• New, Melvyn, with Richard A. Davies, and W. G. Day. The Life and Opinion of Tristram Shandy, Gentleman. Vol. 3, The Notes. Florida Edition of the Works of Laurence Sterne. Gainesville: University Presses of Florida, 1984.

    E-mail Citation »

    A massive and magnificent collection of annotations to Tristram Shandy, consultation of which is essential for serious Sterne scholarship. Illuminates Sterne’s borrowings from and references to a wealth of works and presents the earlier scholarship on these intertextual connections. Biographical threads and many other matters are also glossed.

  • Sterne, Laurence. A Sentimental Journey through France and Italy. Edited by Gardner D. Stout Jr. Berkeley: University of California Press, 1967.

    E-mail Citation »

    The standard scholarly edition of A Sentimental Journey until it was superseded by Sterne 2002. The carefully prepared text is supported with full presentation of variants and detailed description of the manuscripts. The annotation is thorough but occasionally prim.

  • Sterne, Laurence. The Life and Opinions of Tristram Shandy, Gentleman. Vol. 1–2, The Text. Florida Edition of the Works of Laurence Sterne. Edited by Melvyn New and Joan New. Gainesville: University Presses of Florida, 1978.

    E-mail Citation »

    The standard scholarly edition of Tristram Shandy. A scrupulously edited text presented clean, without note numbers or annotations interfering with the text itself. For annotations, see New, et al. 1984. Includes a bibliographical description by Kenneth Monkman of first and lifetime editions.

  • Sterne, Laurence. The Sermons of Laurence Sterne: The Text. Edited by Melvyn New. Florida Edition of the Works of Laurence Sterne. Gainesville: University Press of Florida, 1996.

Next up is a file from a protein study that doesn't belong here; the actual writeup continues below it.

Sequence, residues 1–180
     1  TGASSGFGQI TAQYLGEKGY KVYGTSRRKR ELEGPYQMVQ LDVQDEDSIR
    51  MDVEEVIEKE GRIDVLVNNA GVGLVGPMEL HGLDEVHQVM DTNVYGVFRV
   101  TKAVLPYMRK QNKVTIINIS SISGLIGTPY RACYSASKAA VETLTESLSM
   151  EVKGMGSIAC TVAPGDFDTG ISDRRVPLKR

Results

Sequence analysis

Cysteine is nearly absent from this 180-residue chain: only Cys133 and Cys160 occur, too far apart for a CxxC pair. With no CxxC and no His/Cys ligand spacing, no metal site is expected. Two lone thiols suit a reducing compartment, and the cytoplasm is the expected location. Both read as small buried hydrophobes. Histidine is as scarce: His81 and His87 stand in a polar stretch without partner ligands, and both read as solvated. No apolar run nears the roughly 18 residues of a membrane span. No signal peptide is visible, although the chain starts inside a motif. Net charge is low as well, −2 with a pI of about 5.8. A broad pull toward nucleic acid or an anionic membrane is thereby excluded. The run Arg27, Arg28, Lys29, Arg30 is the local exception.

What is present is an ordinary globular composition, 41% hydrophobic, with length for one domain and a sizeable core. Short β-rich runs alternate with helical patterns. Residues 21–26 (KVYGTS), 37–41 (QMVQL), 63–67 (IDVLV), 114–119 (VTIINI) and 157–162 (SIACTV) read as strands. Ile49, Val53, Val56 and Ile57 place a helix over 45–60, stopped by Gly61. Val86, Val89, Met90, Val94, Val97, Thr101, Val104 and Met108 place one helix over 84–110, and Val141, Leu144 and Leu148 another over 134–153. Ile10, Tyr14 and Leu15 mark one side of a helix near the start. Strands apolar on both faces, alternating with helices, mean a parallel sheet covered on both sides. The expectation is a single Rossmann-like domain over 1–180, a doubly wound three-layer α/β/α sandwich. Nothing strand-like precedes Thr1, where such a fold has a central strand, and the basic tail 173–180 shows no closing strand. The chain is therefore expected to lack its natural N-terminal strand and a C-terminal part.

E-mail Citation »

    See also The Sermons of Laurence Sterne: The Notes, Florida Edition of the Works of Laurence Sterne 5. The scholarly edition of Sterne’s forty-five published sermons and an immense collection of annotations, many of them revealing Sterne’s numerous debts to and borrowings from earlier authors of sermons. An aim of the edition is to assert Sterne’s conventionality as an Anglican sermonist.

  • Sterne, Laurence. The Life and Opinions of Tristram Shandy, Gentleman. Edited by Melvyn New and Joan New. London: Penguin, 1997.

    E-mail Citation »

    Based on the scholarly Florida edition and including a digest of the notes to the Florida edition, this is the best trade edition of Tristram Shandy.

  • Sterne, Laurence. A Sentimental Journey through France and Italy and Continuation of the Bramine’s Journal: The Text and Notes. Edited by Melvyn New and W. G. Day. Florida Edition of the Works of Laurence Sterne 6. Gainesville: University Press of Florida, 2002.

    E-mail Citation »

    The standard scholarly edition of Sterne’s second major fiction, paired here with the private journal—widely known prior to this edition as The Journal to Eliza—which Sterne was keeping in the period of A Sentimental Journey’s composition. Manuscript scholars should also consult Sterne 1967.

  • Sterne, Laurence. The Letters: Part 1, 1739–1764. Edited by Melvyn New and Peter De Voogd. Florida Edition of the Works of Laurence Sterne 7. Gainesville: University Press of Florida, 2009.

    E-mail Citation »

    See also The Letters: Part 2, 1765–1768, Florida Edition of the Works of Laurence Sterne 8. Standard scholarly edition of Sterne’s letters with exemplary editing and annotation.

back to top

Users without a subscription are not able to see the full content on this page. Please subscribe or login.

How to Subscribe

Oxford Bibliographies Online is available by subscription and perpetual access to institutions and individuals. For more information or to contact an Oxford Sales Representative click here.

Purchase an Ebook Version of This Article

Ebooks of the Oxford Bibliographies Online subject articles are available in North America via a number of retailers including Amazon, vitalsource, and more. Simply search on their sites for Oxford Bibliographies Online Research Guides and your desired subject article.

If you would like to purchase an eBook article and live outside North America please email onlinemarketing@oup.com to express your interest.

Article

Up

Down